> treat, yet not achieving the same results as I have after more than 30
> years of research. However your 20 to 40% cure rate is far better than less
> than 20% without the massage therapy which is the beginning. I am glad that
> at least you are trying your own experiment based on a semblance of my
> method I was doing 10 years ago, which I have modified to the present
> protocol.

If I had known your protocol didn't work in North American patients with
chronic pelvic pain syndrome 3 years ago, it would have saved me a lot of
wasted clinical time and research. There were lots of clues, including the
complete lack of any reputable peer reviewed publications but I tried
nevertheless. So now we have had to start at square one and develop our own
protocols and approaches. We have been successful for a large number of very
difficult patients (roughly 67% cured or improved), but much more work needs
to be done. 99% of what I do clinically in Urology, Immunology and Organ
Transplantation is based on the published research and experience of others
whom I gladly quote and reference, but in the case of our research in
prostatitis and the protocols of the NIH study, your articles do not form
that basis.

>At least doctors are now
> attempting to standardize the diagnosis during the NIH meeting last
> November and remove the notorious "prostatodynia" from the classification.

Yes, it is now called chronic pelvic pain syndrome class IIIb.

I don't mean to be aggressive or argumentative in this public forum, but I
feel it is important to once clearly state my position.

Daniel Shoskes MD
YOu are refering to a different Dr. Feliciano and a different Protocol. I was with Drs Nickel and Shoskes last January in UK. We were invited to present our methodology. In the question and answer portion, I pointed out that they did not follow the procedure because they are unable to extract EPS.
Dr. Antonio E. Feliciano,Jr.MD.FPSV

Sorry to hear your sad story. Maybe you should try surgery. You may be an ideal candidate.

Dr. Polacheck doesn't follow the Manila Protocal? I thought that was exactly what he followed? His website certainly implies that he follows the Manila Protocal? Are you and Dr. Polacheck still in regular contact?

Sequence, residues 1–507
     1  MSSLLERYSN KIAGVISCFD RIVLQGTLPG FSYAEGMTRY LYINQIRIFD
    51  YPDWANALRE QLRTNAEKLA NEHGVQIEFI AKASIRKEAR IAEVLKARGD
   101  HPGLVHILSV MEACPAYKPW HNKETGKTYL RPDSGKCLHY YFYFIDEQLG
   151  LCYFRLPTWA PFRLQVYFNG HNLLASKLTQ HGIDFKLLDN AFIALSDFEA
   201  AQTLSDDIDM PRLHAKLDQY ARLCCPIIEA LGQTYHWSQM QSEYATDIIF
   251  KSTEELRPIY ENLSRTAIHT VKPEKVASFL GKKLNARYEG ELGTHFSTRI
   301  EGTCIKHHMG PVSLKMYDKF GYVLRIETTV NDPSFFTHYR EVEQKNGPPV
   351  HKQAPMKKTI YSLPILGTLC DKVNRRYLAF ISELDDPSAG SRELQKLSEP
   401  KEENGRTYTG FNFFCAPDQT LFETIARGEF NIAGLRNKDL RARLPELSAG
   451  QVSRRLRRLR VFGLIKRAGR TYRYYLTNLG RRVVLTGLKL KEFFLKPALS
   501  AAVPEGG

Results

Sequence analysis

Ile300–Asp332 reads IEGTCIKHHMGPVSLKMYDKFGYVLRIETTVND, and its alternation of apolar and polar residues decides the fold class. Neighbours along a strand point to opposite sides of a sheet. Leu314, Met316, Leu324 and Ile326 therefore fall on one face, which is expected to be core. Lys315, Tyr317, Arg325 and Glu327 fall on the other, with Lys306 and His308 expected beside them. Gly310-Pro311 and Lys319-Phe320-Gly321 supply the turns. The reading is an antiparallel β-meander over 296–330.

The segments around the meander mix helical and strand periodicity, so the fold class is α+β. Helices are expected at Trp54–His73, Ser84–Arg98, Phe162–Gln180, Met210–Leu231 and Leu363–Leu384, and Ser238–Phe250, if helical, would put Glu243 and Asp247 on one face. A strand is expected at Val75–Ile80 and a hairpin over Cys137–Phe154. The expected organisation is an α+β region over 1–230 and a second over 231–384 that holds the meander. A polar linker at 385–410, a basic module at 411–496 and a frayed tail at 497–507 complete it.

What exactly is the Manila Protocol? Are we on the same page? Is there a publication I can post here like I did the Chronic Prostatitis Symptom Index?
For Dr. Krongrad From AEF
Dr. Armon Krongrad asked: What exaxtly is the Manila Protocol Is there a publication I can post like I did the Prostatitis Index?

Yes there is a publication with the British Journal Of Urology. I could send to you the Publication via email if you wish. If permitted, I could post the protocol in this forum.
For Dell:
Dr Polacheck observed with me for a few weeks sometime 15 years ago. we have not comunicated for many years now.
This discussion is exactly why we need to develop common language. The NIH CPSI is a start in the direction of uniformity in symptom reporting. I'd love to help get us to one description of the Manila Protocol. Let's do it.

Dr Feliciano, anybody can add files. For example, where I am now typing if I click on "Upload Files" to my bottom left I can add a file. No problem and you can do the same.

Because the Manila Protocol will recur as a topic, just like the CPSI will recur, let's post something centrally so we don't have to dig through every discussion to find it. If you send me a file (Word, pdf ... anything) I will post it on the left column like I posted the CPSI so we can at least all be sure we're describing the same treatments. Then we can cut some of the confusion and compare apples to apples.

Thanks Mike and Dr. F. This is an important first step to clarity and progress.
Dr. Krongrad,
Thank you, I will send you the published study of the repetitive Porstatic Drainage in pdf. I could also write in this forum the revised or the improved version of the protocol.